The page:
Windows Client Migration
Six Migration Decisions
Recently, PC World writer Logan Harbaugh wrote an article that was picked up by several websites called How to Migrate from Windows XP to 7, Windows Server 2003 to 2008 R2 which caught my attention.
In the article, Harbaugh addresses the current difficulty in finding suitable drivers for newer equipment that work with Windows XP, or older equipment that work with Windows 7 or 8. He even suggests abandoning the ageless wisdom of waiting for Service Pack 1 before installing anything!
But then, Harbaugh offers six decisions that he feels must be made before embarking on any migration.
1. The 32 vs. 64 Bit Question
Alright, Ill admit that this has never seemed like much of a question to me. Reminiscent of the earliest days of 16- and 32-bit processors, where you always ran 16 bit until they had truly obsoleted it, the common wisdom is to always prefer 32 bit unless youre not given a choice. Harbaugh agrees with this, correctly pointing out that there is no 32-bit version of Windows Server 2008 R2, though you can run 32-bit apps on it if you configure it to do so
2. Compatible Device Drivers
There are a few cottage industry companies making small fortunes providing new drivers for old equipment and compatible drivers for old OS versions that need to talk to new equipment. Harbaugh invokes fond memories of serial and parallel ports. Does anyone even remember what Centronics was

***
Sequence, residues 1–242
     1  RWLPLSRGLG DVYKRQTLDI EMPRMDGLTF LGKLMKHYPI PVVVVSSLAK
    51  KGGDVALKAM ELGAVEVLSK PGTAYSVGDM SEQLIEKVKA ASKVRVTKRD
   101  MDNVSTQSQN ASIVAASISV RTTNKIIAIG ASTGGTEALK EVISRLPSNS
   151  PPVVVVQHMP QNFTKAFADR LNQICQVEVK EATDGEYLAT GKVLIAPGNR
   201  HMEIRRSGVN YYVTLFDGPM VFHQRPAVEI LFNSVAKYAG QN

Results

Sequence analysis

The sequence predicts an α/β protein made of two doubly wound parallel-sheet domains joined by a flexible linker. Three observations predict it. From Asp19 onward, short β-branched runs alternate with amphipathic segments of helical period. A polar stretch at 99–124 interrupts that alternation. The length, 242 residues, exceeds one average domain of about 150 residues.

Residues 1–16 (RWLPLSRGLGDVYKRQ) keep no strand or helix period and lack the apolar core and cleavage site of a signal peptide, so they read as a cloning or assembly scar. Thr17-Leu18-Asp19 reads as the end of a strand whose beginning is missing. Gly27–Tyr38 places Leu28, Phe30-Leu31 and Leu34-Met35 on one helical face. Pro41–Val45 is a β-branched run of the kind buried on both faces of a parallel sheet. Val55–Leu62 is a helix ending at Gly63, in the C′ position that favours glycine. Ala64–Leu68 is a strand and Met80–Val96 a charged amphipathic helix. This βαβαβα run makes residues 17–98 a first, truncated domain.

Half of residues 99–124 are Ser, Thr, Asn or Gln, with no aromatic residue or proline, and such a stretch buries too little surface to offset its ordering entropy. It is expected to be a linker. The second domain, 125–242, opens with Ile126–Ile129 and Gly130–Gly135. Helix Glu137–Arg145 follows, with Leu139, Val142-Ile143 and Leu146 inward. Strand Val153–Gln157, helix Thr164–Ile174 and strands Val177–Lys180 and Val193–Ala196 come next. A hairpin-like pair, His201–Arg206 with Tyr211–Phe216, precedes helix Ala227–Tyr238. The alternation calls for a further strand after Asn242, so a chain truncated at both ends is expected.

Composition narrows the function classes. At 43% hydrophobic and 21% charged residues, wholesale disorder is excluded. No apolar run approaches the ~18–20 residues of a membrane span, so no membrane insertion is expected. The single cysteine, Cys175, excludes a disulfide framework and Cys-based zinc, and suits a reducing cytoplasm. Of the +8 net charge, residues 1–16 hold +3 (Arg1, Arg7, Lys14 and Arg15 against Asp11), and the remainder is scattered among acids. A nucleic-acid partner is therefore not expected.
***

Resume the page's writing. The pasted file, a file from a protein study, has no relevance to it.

3. Application Upgrades
Its important to be realistic (something
long-time users can easily be allergic to) about what apps will run well on which
OS versions. Harbaugh aptly emphasizes the importance of training on the apps
and the new OS version. Also, remember that reverse compatible cannot be a uniformly
applied expectation. Before embarking on your migration, its critical to take
an application inventory and determine what will not run on what.
4. In-place Upgrade? Or Fresh Start?
Harbaugh breaks the bad news that everyone must eventually come to face that applications will need to be reinstalled in most cases. He also reminds us that hardware running XP or Windows Server 2003 will very likely not be sufficient to run Windows 7 or Windows Server 2008 R2, so in-place will likely not be an option very often
5. The Virtual Desktop question
This might better be titled Define Expensive. While configuring for VDI incurs initial expense, long term it provides far easier migration to new OS versions without the need to upgrade hardware, plus far simpler support and management of the desktop. Be sure to compare initial price with long-term cost when evaluating the VDI strategy for desktop application delivery and management.
6. Migration Tools
We have covered many migration tools here
in the Migration Expert Zone, and will continue to report on new ones as they
emerge. The more users you are migrating the more valuable these tools become.